The past two months have brought about a positive turn of events with regard to mitigating the pervasiveness of the coronavirus. Numerous vaccinations have proved effective in fighting the virus and, as of February 1st, 2021, more Americans have received at least one dose of a COVID-19 vaccine than tested positive for the virus.
While there have been seeds of positive development, the pandemic continues to have lasting impacts beyond personal health. More specifically, its ripple effect into other sectors of society and governance has drastically changed the already desolate livelihoods for the millions of refugees and internationally displaced persons.
Refugee camps posed an early concern for health specialists who noted the close quarters, lack of sanitation and accessible healthcare, and already poor health of millions of displaced persons as increasing the likelihood of transmission and a severe impact. Surprisingly, actual numbers have been significantly lower than many experts feared. While some credit this to the lack of available testing in camps, others note the extreme isolation and strict lockdown measures that were successful in curbing the worst of the virus. However, even if refugees have been spared the worst of the health impacts that have plagued millions worldwide, the pandemic has had significant implications for the ongoing refugee crisis at large.
Last year, the UN Refugee Agency reported the lowest number of refugee resettlements in nearly two decades, with the agency only being able to assist 22,770 out of the 1.44 million refugees in need. Funding for international aid has taken a serious hit as well. Many of the largest donor countries have stopped, or significantly decreased, their contributions to international aid with the United Kingdom cutting its global aid budget by nearly $3.7 million. International aid organizations are struggling as well with UNICEF’s Middle East and North Africa division only receiving 40% of its operational costs. The United Nations World Food Program was also forced to reduce its food rations to refugees in Eastern Africa by 30% due to subsequent budget cuts.
These budget cuts, and the associated food shortages, have prompted many to leave camps in search of better livelihoods. Yet this movement, which only increases the spread of COVID-19, offers little promise for a better future as conditions brought on by the pandemic have made it increasingly difficult to find food, shelter and stable incomes.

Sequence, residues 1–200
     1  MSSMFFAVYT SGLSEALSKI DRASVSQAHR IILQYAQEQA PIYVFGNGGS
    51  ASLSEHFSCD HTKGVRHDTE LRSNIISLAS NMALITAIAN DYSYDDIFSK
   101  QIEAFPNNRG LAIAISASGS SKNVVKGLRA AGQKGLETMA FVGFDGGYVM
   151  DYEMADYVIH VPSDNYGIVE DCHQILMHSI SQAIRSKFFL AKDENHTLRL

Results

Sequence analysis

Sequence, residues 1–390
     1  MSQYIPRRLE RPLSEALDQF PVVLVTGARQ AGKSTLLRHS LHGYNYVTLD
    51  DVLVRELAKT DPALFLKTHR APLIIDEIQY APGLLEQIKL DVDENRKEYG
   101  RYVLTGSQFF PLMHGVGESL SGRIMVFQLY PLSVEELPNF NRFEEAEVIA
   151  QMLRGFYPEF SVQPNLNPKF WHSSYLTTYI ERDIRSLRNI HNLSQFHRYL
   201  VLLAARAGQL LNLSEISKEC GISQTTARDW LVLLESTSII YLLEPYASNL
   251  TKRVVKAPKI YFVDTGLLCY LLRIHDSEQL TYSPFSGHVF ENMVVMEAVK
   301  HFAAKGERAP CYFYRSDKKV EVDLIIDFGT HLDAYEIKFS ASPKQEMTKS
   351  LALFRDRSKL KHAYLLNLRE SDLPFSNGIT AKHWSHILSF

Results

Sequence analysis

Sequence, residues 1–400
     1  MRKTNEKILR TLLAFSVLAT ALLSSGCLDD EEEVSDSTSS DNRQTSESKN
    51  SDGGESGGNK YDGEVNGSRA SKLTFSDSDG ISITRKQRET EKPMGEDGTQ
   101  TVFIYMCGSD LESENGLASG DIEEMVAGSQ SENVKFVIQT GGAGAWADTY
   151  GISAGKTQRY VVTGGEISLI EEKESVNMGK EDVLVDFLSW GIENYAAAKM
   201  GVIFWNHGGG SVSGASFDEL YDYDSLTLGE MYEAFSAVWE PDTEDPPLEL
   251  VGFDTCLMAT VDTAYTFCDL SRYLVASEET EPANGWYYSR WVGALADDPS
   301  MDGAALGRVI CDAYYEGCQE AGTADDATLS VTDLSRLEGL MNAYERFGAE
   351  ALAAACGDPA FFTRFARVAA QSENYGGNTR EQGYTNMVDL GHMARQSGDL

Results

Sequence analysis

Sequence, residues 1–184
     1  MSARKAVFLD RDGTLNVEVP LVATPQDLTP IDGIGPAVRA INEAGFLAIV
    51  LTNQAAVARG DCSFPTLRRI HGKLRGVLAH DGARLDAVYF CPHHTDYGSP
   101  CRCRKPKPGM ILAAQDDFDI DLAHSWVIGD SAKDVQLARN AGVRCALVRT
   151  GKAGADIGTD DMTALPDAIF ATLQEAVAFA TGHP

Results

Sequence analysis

The unpredictable fluctuation of supplies in refugee camps come amid recent reports of camps being shut down in the northern city of Nineveh, Iraq leaving thousands uncertain about relocation.
Unfortunately the ongoing issues in Iraq are not isolated in number. Camp and border closures across Syria have forced thousands of refugees to remain in potentially dangerous situations without access to healthcare, food or shelter and many notable politicians have used the pandemic as a way to harden migration policies under the guise of fighting the virus.
The implications of dissipating such camps in a global pandemic go beyond human rights violations. The forcible removal of these displaced populations makes it even harder for them to access basic sanitation and health measures and, as many countries begin vaccinating their populations, access to such facilities becomes crucial in the global fight against coronavirus.
Despite the ongoing prevalence and efforts to stop the spread of the virus, many countries are failing to account for the nearly 80 million forcibly displaced people in their vaccine rollout plans; a move that would greatly disrupt global attempts to curb the virus. Out of the 90 countries who are developing coronavirus vaccination plans, only half have accounted for refugees and displaced persons. Experts and advocates argue that failing to vaccinate these incredibly vulnerable populations effectively undermines any country’s plan to stop the spread of COVID-19 and poses the potential for the pandemic to persist longer than it already has.
Such was the case in Colombia last month when the President announced the country would not be vaccinating the hundreds of thousands of Venezuelan refugees. While many cited the behavior as simply being inhumane and unethical, many experts also noted the impracticality of such a move. The Colombia director for the International Rescue Committee, Marianne Menjivar, claimed the decision was both unethical and ineffective stating, “We can’t beat COVID anywhere until we beat it everywhere, among all populations, especially those most vulnerable”
As we see indicators for the resumption of normal life, the international community needs to recognize the lasting implications this pandemic will have on the current state of the refugee crisis. Resettlement numbers are down, slowing, and even potentially worsening. The state of the ongoing refugee crisis and the lack of available aid will only worsen the condition and resources available to this population.
The coronavirus pandemic is a global pandemic, meaning it has impacted every person regardless of race, ethnicity, or political status. If we are not vaccinating refugees and displaced persons, there is a segment of the population which is still at risk, in turn putting others at risk. This threat, coupled with major disruptions in the food systems and economic crisis, means that these populations will be increasingly reliant on international aid and assistance in order for their lives to return to any semblance of normalcy. As emphasized by Raouf Mazou, the Assistant High Commissioner for Operations at the UN Refugee Agency, no one is safe until everyone is safe.
Edited by Jordan Royt.
The opinions expressed in this article are solely those of the author and they do not reflect the position of the McGill Journal of Political Studies or the Political Science Students’ Association.